MX missile: a trump card for Salt II?
Retired Adm. Elmo R. Zumwalt, leading advocate of a big defense buildup, called the controversial MX missile system a "monstrosity" and said the estimated cost of $35 billion to $60 billion should better be used for other weapons. He declared the system was advocated to help pass the unsuccessful Salt II treaty.
The Mormon Church attacked the MX program, May 5, with a statement by church president Spencer W. Kimball and two counselors urging that the system be kept out of Utah and Nevada but an alternative program found.
The Air Force proposed putting 300 MXs underground in an interconnected system of silos in the US Southwest where the weapons could be shuttled secretly back and forth in a gigantic "shell game." Mobile deployment would make them invulnerable to Soviet counterattack, senators were told during the Salt II ratification hearings.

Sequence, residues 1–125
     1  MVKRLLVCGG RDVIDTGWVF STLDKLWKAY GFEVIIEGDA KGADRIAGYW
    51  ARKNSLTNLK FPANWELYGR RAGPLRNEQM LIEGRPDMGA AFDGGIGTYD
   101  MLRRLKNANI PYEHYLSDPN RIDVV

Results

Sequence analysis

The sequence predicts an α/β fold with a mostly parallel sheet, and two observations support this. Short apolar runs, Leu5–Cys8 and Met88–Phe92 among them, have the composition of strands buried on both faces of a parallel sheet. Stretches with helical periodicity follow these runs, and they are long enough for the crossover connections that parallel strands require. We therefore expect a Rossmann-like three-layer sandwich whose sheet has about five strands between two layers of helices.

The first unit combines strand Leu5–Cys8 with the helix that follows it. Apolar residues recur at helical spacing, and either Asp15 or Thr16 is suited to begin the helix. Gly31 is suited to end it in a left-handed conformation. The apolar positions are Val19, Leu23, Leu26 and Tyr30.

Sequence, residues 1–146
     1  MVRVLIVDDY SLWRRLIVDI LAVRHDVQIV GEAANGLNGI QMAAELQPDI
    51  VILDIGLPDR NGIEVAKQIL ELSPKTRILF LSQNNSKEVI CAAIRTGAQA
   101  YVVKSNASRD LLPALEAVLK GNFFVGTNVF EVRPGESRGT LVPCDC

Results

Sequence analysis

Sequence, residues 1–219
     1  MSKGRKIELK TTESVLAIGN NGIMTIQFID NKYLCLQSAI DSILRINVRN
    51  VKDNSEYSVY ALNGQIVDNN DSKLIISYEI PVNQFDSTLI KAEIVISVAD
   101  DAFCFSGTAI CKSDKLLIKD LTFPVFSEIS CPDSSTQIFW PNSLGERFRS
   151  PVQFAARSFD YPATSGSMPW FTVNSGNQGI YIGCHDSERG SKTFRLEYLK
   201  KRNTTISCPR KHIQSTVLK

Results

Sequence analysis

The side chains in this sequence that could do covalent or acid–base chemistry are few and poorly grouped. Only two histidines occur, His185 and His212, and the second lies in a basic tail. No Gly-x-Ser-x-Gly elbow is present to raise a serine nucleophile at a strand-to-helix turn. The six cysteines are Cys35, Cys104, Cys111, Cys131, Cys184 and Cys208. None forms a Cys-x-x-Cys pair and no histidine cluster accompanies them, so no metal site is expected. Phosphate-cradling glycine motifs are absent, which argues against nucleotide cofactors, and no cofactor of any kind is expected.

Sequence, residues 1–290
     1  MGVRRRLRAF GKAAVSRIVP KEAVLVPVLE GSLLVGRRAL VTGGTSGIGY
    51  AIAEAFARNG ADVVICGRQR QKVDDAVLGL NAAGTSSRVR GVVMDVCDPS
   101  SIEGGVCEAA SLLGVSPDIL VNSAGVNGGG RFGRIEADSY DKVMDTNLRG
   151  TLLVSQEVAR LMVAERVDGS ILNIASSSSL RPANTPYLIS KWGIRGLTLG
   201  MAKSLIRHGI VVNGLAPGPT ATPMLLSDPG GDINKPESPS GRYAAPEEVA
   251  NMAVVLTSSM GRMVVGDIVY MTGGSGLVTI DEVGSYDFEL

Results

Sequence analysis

Admiral Zumwalt, a leading exponent of defense buildup, said here that he had condemned the MX system to Defense Secretary Caspar W. Weinberger and urged a commission, which is now at work, to review the situation. "I think we do need the missile," Secretary Weinberger said after the Mormon denunciation. "The question is where do we put it?"
Admiral Zumwalt was chief of naval operations from 1970 to 1974, and a Democratic candidate for the US Senate in Virginia in 1975. It may take 10 years, he says, to achieve arms equality with the Soviets even with accelerated building, but he rules out the MX.